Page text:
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Creating Accessible Product Documentation in the Digital Age

User-Friendly Documentation

Your end user is changing, and so is the way they access information. Customers don’t want to read a 75-page manual. They want answers on demand: easily navigated, quick access to product documentation. Well-written, user-friendly documentation provides this easy accessibility, which increases customer satisfaction and ultimately benefits the company's bottom line. User-friendly documentation is:

  • Clear and concise. Write articles that address one specific concern at a time. Users don’t want to sift through a 2,000-word article on a broad topic to find out how to perform one small task.
  • Visual. A short video can provide an initial overview of the concept or task, while annotated screenshots or diagrams provide the step-by-step breakdown.
  • Easy to find. Include your Help or Resources page in the main navigation bar on your website. Divide specific help articles into more general categories for quicker discovery.
  • Searchable. If users don’t find the topic they need initially, a keyword-based search feature can help point them in the right direction. Just make sure it works well; there are few things more frustrating than searches that turn up irrelevant or no results.
  • Customer-focused. Documentation should not just be product focused. Customers may not phrase their questions as you would. Ensure your documentation utilizes common phrases rather than just trademarked product names.

Documentation software companies ScreenSteps and Documentor have shared some great examples of user-friendly product documentation on their blogs. HubSpot is one company that provides thorough user instructions through its knowledge center; articles are specific and categorized, and include plenty of screenshots.

Mobile-First Design

Nearly 60 percent of online searches today are done on mobile devices, according to a recent study. Here are some tips for optimizing documentation for mobile users:

  • Use responsive design. A website that adjusts to different device sizes greatly improves readability. If you’re not currently using responsive design, consider making the investment.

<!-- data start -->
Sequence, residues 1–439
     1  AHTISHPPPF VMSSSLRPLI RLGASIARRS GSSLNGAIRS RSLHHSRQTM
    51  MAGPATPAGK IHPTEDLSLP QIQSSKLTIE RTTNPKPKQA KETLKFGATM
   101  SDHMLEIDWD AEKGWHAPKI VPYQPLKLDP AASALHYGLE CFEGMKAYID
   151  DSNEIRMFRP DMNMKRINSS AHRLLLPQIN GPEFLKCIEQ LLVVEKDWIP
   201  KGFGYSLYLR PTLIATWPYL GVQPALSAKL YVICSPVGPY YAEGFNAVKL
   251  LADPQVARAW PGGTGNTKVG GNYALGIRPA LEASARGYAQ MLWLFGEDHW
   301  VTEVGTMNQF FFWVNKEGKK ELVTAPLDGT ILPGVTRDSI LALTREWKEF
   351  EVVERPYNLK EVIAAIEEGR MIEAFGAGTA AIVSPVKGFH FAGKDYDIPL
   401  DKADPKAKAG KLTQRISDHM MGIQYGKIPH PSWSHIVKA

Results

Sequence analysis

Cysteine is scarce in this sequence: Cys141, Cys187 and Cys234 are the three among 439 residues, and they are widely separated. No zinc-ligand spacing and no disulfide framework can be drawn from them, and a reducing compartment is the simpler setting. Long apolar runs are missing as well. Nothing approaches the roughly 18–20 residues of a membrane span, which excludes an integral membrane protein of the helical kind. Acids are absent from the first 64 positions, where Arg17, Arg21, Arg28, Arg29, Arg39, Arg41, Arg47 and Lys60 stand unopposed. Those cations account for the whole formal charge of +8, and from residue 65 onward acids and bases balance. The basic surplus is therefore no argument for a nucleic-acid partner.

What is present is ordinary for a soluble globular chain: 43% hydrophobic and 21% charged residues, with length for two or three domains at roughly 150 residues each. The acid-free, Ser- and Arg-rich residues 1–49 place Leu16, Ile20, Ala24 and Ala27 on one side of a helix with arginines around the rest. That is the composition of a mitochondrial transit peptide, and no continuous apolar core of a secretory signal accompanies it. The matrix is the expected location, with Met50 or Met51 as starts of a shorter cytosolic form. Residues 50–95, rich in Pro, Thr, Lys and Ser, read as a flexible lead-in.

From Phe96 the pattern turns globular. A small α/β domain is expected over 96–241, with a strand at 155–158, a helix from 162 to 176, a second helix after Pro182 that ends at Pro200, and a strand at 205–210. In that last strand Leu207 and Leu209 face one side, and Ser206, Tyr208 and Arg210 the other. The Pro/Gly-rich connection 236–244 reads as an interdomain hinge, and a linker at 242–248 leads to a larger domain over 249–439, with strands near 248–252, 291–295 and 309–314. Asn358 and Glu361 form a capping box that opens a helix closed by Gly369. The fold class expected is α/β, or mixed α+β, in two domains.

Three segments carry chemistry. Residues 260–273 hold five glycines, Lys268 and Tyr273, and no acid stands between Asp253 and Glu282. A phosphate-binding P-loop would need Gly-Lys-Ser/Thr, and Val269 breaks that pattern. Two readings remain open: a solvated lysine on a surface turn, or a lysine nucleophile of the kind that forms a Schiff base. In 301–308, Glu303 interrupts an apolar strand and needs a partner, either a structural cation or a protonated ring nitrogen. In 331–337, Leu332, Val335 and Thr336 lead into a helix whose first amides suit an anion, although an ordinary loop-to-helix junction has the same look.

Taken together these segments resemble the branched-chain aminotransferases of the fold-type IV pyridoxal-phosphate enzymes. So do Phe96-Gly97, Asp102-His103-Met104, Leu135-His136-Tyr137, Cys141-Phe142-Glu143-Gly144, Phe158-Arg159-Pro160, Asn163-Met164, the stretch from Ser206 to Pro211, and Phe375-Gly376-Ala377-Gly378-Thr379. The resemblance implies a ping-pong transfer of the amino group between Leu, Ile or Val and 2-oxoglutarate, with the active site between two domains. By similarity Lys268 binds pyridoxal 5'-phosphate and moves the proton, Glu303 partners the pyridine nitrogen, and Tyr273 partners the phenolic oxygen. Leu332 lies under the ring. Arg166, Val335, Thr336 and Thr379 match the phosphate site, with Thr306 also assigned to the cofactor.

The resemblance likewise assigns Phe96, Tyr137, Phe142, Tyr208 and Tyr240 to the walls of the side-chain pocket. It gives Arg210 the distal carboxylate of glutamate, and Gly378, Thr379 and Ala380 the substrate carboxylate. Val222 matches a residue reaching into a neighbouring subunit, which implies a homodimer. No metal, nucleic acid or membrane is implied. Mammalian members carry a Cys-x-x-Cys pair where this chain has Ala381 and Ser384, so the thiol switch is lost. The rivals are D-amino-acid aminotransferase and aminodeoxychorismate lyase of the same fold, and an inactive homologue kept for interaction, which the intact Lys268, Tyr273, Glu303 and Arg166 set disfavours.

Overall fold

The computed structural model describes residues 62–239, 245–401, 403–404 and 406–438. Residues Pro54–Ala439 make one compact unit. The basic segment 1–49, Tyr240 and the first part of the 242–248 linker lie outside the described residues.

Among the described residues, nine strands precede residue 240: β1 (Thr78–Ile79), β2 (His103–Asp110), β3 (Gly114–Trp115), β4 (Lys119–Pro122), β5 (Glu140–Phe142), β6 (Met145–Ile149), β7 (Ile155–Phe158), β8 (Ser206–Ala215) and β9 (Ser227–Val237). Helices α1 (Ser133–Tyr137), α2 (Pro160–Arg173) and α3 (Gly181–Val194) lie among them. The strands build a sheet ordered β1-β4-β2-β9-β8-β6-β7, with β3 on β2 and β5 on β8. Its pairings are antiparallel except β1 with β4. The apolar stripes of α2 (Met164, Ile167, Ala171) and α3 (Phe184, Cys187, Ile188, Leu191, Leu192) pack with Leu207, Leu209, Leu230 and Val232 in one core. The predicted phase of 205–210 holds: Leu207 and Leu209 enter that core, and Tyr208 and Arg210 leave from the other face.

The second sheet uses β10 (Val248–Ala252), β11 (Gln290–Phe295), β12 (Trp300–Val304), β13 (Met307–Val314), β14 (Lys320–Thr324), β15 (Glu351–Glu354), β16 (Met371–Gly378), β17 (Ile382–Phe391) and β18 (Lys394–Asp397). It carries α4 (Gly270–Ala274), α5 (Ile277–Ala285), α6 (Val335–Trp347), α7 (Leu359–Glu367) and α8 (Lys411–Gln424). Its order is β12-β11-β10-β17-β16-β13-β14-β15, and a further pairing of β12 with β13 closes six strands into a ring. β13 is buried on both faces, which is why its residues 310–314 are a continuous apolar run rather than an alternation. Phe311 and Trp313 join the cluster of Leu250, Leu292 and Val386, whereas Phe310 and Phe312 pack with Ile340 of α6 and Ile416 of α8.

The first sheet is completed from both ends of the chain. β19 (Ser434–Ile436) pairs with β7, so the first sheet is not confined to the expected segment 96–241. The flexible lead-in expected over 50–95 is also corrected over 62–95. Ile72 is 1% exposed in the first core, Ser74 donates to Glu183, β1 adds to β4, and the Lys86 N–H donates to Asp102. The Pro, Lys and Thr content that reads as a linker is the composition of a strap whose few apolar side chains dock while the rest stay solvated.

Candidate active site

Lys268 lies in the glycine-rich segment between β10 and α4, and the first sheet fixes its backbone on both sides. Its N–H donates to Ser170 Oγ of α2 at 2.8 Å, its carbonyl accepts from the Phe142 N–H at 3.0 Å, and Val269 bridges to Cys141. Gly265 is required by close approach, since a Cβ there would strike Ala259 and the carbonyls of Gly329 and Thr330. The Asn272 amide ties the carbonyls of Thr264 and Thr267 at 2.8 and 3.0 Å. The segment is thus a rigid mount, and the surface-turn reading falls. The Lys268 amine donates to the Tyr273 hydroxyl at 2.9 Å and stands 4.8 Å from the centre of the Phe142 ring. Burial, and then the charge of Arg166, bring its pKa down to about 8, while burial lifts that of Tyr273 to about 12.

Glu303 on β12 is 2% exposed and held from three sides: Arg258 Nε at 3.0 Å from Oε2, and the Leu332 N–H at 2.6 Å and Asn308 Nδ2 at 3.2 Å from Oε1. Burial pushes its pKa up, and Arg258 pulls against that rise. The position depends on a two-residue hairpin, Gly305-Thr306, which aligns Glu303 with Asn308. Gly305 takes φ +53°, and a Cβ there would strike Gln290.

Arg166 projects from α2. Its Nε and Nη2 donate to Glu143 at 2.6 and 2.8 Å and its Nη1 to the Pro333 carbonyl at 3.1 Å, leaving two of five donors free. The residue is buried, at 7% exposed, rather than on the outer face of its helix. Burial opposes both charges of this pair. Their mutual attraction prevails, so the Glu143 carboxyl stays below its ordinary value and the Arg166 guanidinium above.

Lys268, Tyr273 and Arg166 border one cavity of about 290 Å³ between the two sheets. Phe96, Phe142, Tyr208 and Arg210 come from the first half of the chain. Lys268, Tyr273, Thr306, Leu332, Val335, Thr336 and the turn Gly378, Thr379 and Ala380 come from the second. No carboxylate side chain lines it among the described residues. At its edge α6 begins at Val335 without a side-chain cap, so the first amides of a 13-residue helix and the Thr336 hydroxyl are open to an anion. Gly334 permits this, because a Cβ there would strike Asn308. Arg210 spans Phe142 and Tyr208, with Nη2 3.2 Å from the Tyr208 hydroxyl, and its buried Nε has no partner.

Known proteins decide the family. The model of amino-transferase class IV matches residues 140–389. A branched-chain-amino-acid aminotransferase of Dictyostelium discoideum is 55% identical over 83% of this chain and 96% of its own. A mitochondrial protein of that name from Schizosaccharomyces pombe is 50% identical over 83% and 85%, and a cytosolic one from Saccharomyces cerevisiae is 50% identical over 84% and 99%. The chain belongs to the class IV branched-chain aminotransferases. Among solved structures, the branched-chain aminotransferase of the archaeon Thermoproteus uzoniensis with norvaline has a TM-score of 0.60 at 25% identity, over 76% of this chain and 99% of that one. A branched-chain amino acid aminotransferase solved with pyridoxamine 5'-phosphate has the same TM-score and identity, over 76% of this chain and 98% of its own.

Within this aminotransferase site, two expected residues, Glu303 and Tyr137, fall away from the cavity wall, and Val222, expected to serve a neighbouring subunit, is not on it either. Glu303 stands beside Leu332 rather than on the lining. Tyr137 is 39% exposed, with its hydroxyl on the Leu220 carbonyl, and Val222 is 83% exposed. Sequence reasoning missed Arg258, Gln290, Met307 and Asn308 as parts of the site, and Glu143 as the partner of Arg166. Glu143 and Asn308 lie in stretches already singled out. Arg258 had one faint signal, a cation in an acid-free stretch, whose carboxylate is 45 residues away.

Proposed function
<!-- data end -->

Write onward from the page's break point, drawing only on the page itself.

• digital-age-mobile-documentation.jpgSimplify search. A good article menu can help prevent users from having to type in a search query on their phones at all. But if the need does arise, make sure your search bar is easy to find/tap (the magnifying glass icon is pretty standard). Also helpful? Article titles that reflect the way many people search today—in question form, as customer behavior has changed with the prevalence of voice assistants such as Siri and Alexa.
  • Keep it short. To minimize scrolling, use only as many words and images as it takes to clearly and sufficiently answer the question.
  • Select the right screenshots. Choose screenshots that focus on one small section of a webpage or window at a time; this will keep users from having to constantly zoom in on their phones. Also, keep image sizes small to reduce page-load time.
  • Consider using Google’s accelerated mobile pages (AMP) to further reduce load time.

While delivery mechanisms have changed, the need for a clear, concise and well-written base of product documentation is as important as ever. To ensure your product documentation reinforces customer satisfaction and brand loyalty in the digital age…

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Topics: documentation, usability, product documentation

 EU MDR